Coursebooks and Materials - Best Use of the Coursebook
In this blog we will consider how best to use the teaching material course book that often accompanies a course. There are a number of stategies we can adopt to get the most out of the book in different situations.
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There are a number of factors that you should take into consideration when using ESL teaching course books.
You should try to use these books to help you create a balanced lesson in terms of the range of skills (reading, writing, listening and speaking) that are being taught and the actual types of lesson material such as the grammar or vocabulary.
Secondly don't use them all the time, particularly with things like suggested activities, we can create our own materials and we can tailor those materials much more specifically to the actual class that we're teaching. Very often the materials in the book are very general; we can make our own materials much more specific.
The next thing you need to be aware of is that you can't always rely 100% on the information that's presented in those books in terms of accuracy, as there are sometimes mistakes which have not been picked up in the editing process.
Also the way in which the information is presented may not be the best way for your students to understand it. You may need to change the way that the books present the material to make it more understandable for your students.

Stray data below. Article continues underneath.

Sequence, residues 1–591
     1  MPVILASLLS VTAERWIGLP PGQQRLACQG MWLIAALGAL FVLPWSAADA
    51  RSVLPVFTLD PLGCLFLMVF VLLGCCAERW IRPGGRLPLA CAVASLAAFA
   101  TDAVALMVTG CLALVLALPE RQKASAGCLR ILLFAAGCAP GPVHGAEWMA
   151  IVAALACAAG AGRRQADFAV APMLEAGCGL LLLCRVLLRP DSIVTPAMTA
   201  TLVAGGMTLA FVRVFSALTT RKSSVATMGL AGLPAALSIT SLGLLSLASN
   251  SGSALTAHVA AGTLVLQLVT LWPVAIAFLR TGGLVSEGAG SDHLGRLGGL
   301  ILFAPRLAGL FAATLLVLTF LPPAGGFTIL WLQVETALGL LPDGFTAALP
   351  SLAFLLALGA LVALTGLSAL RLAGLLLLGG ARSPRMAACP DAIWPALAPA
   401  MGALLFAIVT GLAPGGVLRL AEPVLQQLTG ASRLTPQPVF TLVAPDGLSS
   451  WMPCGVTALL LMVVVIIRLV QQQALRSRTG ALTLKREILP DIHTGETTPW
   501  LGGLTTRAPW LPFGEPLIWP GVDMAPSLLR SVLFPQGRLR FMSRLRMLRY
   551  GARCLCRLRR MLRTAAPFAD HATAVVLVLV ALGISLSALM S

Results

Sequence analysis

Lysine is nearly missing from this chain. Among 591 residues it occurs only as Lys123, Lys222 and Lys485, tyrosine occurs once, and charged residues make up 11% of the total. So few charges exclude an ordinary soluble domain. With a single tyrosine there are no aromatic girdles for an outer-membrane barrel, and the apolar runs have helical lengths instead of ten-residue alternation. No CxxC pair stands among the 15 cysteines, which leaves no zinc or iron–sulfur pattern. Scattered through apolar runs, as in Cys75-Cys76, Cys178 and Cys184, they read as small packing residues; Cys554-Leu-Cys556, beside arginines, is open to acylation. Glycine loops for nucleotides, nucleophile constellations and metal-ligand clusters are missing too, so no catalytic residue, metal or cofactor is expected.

Finally it's very important that you match the material that's given in the book to your particular students needs within any particular lesson. They may have a focus on various types of skill and information in the book, but your students may need more work in one particular area rather than that book presents. So don't rely just on the information given in the book and think about what your students need, what do you need to add to it, what should you take away and so on and so forth.
In terms of different possible approaches to using the course books, these could be;
- To omit: basically what we mean is that we leave out selected parts of the material presented in the book, either a single part of a lesson or indeed a whole lesson or maybe even two or three lessons in a row.
- To replace: we can replace material within the book with what we think is more suitable material.
- To supplement: we can supplement additional material into what's already given in the book so in areas where we think our students need more help, we can add additional material as appropriate.
- To adapt: sometimes we would perhaps like to use our own style of materials based on the information that's given in the coursebook, rather than the course book materials themselves.
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